that's part of this journey.
You mentioned Lindsay.
Like I said Brad and I talked about we realized we were
talking about Bonnaroo year-round.
We have met he and I I knew Brad because of our jobs prior
but it was at Bonnaroo where we really met and hung out and
became friends and then we started Camp Nut Butter which
is named because his wife Hillary is a vegan vegetarian
and makes her own nut butter and quite frankly nut butter
is a funny word.
So I said that's what we should you know, I just randomly
said let's see you guys next year at Camp Nut Butter.
Well, it's we now have a sign we I mean it was a whole
So it's it the people that were there we we had like 28
people one year at its at its biggest that I remember and
these are people that you know, I would see once a year but
they were like you said David they became family.
Yeah, some were from Chattanooga some not you mentioned
again going back the mini-roo when the when we had the
pandemic had many roos all over the place and Lindsay who
Russ and I saw earlier this month at Moon River as we have
every year for the last couple of years one of the great
Bonnaroo people Sharla and Daniel and they have they have
some really cool stuff in the works from the roo bus the
real roo bus.
These are people that we talked to year-round these are Chloe,
you know, Liesl people that have become friends because of
Yeah Parker and Reed.
It's just an amazing community.
And so I wanted to sort of set that table as to why we're
here how we got here and and introduce David your project
bring everybody up to speed as to how you got to Bonnaroo
and then we'll sort of go from there because you had a
project at Bonnaroo this last year that I again everything
about your story and our story to me is what Bonnaroo is all
about for people who who are listening you guys know, I
mean, there's nobody listening who's not been who doesn't
understand but it's so much more than just a series of
I mean the live music is great.
Oh for sure, but it's so much more and it's this community
and the things that have come out of it.
I mean, I never imagined we'd be doing this.
I can only imagine you never thought you would be taking the
do an I am Bonnaroo project like you are so bring people
up to speed if you don't mind.
But before I do that just just to sort of comment on something
that you said one of one of the things that I learned this
year specifically in the whole process with talking with folks
from Bonnaroo who had never communicated with before is you
know, they're they are truly interested in the Bonnaroo
community and it's apparent, you know that that's how they're
really growing the Bonnaroo experience.
I mean, I'm sure that if you talk with Daniel and Charlotte
from the Roobus they would sort of say that's true as well
And I mean if you if you look at all of the things they've done
in the Plaza this year, they're really making Bonnaroo an
expanded experience that goes beyond just the music which is
great because you know a lot of people that they go to Bonnaroo
regularly say, you know, it's it's great to hear the lineup.
I look forward to seeing the bands.
I want to see I look forward to learning about artists that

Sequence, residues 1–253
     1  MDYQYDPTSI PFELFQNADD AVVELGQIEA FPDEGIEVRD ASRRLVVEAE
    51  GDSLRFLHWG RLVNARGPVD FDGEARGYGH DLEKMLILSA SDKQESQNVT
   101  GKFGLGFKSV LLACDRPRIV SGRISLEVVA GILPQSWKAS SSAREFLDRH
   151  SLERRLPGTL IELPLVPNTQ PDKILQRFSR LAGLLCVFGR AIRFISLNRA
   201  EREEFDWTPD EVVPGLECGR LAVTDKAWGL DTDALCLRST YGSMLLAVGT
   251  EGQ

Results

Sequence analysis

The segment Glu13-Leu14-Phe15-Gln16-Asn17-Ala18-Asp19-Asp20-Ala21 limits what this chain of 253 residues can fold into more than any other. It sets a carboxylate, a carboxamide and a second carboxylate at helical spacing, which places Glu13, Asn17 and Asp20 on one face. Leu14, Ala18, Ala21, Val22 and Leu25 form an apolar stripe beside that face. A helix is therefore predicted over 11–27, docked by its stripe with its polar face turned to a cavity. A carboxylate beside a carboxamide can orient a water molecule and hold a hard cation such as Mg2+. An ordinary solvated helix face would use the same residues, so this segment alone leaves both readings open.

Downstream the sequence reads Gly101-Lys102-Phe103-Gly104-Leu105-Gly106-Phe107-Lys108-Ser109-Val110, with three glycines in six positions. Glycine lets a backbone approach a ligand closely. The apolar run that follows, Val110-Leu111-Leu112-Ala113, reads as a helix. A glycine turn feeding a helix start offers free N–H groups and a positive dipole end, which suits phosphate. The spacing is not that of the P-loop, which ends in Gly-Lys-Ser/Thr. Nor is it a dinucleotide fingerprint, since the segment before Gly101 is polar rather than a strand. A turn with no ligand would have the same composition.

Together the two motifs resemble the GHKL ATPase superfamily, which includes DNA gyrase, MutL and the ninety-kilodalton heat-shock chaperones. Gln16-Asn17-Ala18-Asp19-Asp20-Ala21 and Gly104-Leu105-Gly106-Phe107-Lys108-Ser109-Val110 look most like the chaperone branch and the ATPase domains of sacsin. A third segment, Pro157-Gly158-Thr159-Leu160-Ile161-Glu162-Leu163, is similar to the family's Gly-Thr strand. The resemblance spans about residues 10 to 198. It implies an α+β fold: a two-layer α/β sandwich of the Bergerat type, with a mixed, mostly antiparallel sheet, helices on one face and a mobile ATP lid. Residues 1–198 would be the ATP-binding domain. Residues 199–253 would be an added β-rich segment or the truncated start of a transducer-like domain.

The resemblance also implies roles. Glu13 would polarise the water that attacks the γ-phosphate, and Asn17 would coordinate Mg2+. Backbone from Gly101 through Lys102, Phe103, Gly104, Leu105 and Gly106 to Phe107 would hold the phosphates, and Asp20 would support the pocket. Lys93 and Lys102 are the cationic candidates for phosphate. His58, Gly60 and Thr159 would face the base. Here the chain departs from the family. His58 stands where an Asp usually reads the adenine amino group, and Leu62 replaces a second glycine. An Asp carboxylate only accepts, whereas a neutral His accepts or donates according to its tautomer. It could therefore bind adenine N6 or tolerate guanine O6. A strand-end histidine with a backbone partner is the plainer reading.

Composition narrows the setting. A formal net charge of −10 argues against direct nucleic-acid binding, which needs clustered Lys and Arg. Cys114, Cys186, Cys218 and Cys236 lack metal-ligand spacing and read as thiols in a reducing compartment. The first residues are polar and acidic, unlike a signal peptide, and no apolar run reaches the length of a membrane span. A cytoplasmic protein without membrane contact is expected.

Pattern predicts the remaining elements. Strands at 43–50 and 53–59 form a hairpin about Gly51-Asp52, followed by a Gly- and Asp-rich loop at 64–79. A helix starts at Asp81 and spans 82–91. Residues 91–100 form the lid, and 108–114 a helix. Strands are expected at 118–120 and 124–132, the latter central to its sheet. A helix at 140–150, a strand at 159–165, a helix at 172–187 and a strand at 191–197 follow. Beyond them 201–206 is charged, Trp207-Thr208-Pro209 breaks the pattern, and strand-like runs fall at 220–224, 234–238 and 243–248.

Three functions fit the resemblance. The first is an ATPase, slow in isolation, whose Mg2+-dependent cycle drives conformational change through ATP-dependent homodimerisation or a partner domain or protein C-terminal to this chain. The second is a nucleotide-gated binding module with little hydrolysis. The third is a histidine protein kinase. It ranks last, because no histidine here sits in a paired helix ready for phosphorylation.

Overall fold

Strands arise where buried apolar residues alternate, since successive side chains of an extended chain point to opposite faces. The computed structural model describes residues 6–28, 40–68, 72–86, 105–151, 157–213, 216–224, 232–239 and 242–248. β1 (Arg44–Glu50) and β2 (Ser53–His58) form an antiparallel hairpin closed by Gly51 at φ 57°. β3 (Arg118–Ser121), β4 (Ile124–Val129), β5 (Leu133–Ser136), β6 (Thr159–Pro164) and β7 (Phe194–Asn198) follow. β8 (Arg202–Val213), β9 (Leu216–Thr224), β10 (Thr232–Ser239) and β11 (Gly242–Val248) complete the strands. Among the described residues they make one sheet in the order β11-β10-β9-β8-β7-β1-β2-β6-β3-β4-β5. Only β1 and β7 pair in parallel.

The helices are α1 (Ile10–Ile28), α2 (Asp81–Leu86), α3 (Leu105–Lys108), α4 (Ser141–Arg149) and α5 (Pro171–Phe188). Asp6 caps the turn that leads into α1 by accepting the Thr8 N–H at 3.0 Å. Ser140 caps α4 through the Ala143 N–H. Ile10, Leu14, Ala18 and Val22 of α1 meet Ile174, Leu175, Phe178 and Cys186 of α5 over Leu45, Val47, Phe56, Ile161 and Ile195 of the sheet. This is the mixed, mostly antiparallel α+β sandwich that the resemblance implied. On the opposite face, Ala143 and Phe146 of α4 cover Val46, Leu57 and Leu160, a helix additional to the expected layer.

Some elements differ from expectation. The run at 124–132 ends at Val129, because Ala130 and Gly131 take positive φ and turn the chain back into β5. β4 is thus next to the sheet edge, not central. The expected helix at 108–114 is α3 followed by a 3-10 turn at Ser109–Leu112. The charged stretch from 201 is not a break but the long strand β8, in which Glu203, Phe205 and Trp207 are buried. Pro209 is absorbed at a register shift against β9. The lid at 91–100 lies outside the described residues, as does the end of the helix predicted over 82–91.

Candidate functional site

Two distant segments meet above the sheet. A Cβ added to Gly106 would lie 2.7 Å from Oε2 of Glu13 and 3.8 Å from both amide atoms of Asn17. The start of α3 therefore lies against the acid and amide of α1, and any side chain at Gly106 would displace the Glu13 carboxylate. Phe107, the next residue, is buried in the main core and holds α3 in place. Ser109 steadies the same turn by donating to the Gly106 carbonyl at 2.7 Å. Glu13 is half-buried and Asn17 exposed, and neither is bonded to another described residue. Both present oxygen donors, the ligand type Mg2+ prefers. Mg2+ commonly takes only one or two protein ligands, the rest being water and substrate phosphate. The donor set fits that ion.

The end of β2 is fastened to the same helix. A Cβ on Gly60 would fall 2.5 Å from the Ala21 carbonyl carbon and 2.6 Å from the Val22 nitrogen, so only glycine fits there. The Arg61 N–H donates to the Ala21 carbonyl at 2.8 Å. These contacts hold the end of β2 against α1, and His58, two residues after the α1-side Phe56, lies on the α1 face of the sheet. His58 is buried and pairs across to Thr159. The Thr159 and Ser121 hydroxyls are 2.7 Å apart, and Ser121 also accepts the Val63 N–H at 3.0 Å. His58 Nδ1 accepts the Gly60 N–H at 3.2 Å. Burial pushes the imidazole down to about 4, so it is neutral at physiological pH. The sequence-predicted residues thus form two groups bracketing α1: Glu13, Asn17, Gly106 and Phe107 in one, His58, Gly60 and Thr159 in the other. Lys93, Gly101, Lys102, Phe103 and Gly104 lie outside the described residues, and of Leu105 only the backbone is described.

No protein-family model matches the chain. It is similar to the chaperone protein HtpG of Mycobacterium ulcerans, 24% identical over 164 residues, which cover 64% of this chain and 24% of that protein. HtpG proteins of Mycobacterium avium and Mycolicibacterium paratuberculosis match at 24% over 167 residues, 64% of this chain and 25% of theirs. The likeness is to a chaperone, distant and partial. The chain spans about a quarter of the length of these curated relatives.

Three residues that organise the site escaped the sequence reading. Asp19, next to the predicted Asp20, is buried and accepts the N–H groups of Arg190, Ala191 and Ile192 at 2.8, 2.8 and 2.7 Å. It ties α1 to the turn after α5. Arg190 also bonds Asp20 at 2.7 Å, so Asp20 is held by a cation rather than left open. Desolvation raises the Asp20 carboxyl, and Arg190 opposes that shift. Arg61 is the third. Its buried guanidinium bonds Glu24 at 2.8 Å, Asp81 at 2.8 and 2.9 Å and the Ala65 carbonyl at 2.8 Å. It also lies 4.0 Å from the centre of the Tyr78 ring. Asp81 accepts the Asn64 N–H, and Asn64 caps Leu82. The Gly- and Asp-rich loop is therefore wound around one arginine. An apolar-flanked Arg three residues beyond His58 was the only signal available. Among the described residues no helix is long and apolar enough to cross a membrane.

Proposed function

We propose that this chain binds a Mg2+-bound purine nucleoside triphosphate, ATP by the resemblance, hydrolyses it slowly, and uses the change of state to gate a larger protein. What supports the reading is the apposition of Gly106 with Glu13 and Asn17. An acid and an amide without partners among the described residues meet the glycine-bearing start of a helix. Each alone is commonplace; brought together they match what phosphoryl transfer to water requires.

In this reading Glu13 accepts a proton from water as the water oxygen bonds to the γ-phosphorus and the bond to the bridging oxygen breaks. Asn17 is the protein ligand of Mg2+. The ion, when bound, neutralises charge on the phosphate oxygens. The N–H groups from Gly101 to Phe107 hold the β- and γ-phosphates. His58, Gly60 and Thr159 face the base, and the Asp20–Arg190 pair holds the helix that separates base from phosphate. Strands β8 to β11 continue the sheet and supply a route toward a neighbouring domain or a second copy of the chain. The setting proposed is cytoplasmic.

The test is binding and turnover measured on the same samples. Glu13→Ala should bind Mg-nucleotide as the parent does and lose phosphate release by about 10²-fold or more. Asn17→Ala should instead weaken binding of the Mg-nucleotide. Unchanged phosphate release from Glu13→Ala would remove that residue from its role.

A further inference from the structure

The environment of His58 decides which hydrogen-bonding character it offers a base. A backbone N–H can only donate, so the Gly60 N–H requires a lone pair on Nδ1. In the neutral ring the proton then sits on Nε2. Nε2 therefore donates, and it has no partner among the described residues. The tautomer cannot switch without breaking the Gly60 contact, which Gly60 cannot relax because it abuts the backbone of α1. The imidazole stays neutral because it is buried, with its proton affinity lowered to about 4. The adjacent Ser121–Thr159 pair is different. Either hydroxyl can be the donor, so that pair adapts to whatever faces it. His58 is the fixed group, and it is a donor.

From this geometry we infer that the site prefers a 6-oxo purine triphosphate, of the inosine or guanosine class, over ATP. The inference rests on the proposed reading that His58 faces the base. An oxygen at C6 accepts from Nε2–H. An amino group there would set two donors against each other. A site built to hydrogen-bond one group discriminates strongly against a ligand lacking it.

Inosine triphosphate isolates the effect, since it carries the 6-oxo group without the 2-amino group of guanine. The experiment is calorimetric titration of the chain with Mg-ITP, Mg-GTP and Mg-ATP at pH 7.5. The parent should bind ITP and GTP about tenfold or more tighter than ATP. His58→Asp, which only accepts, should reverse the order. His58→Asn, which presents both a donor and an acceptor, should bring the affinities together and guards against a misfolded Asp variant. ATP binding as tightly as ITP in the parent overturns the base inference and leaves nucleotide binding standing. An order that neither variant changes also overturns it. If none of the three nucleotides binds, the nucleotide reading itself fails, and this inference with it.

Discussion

I've never heard of before but they're really going for the
Bonnaroo experience and I think to me it's become obvious that
the people who are sort of driving the Bonnaroo bus totally
get that and they're they're really capitalizing on that and
I think that's one of the reasons why you know, we've seen
this year all of the outer roo experiences.
I mean it has a name now they have all of these different
plazas and they really sort of put that into hard overdrive
this year, you know, and luckily for me I got to be a small
part of that, you know, but so I digress but to get back to
your your last question to try to summarize it.
I first went to Bonnaroo in 2011.
It was an impulsive decision.
My daughter who at the time was a freshman in college sent
my wife a message and said I'm going to go to this music
festival in Tennessee this year.
She sent me a text.
I was at work and she said, what do you know about a festival
called Bonnaroo in Tennessee?
I said it's a world-class music festival.
And she said because Madison our daughter is thinking about
going and I told her that I was wow.
I said, I think that's great.
I'm actually envious of that.
So what happened was her roommate's dad at the time who
lives in Long Island.
I live in upstate New York.
Had also told his daughter that he was kind of envious that
she was going and she suggested well, why don't you get
together with Madison's dad and you guys can go to Bonnaroo
So my first trip to Bonnaroo was with somebody who I didn't
know who, you know, who I got to know really well on a thousand
mile journey down there.
We still send each other Christmas cards every year.
I think 2011 was the only year that he's been but what a great
experience, you know, and I mean, I think that's part of
the Bonnaroo experiences is the journey there.
It's definitely making connections with people.
It's it's, you know, those memories and those stories that
don't leave you that that stick and last, you know, so, you
know, fast forward to now.
I haven't missed a Bonnaroo the first time I went to Bonnaroo
I decided to bring a camera and a few rolls of film because
you know, I'm a photographer and just kind of shoot what was
going on down there and I didn't I didn't really have any
expectation of what it was going to be like and you know, so
and we went me and Joe the guy that I went down there with in
2011 when we just showed up massively unprepared.
I mean our tent neighbors must have just been pointing and
laughing at us, you know, so I went down with a few rolls of
I brought a vintage film camera because I sort of envisioned
it being a little bit like Woodstock and I kind of wanted
to capture that Woodstock essence.
Let me interrupt a little bit when you say that for a lot of